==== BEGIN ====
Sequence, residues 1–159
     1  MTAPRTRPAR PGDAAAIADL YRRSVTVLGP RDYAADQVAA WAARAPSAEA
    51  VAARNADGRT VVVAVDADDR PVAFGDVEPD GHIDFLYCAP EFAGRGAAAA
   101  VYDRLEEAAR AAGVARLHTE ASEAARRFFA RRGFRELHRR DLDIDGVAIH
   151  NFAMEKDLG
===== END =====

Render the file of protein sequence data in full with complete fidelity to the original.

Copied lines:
Sequence, residues 1–159
     1  MTAPRTRPAR PGDAAAIADL YRRSVTVLGP RDYAADQVAA WAARAPSAEA
    51  VAARNADGRT VVVAVDADDR PVAFGDVEPD GHIDFLYCAP EFAGRGAAAA
   101  VYDRLEEAAR AAGVARLHTE ASEAARRFFA RRGFRELHRR DLDIDGVAIH
   151  NFAMEKDLG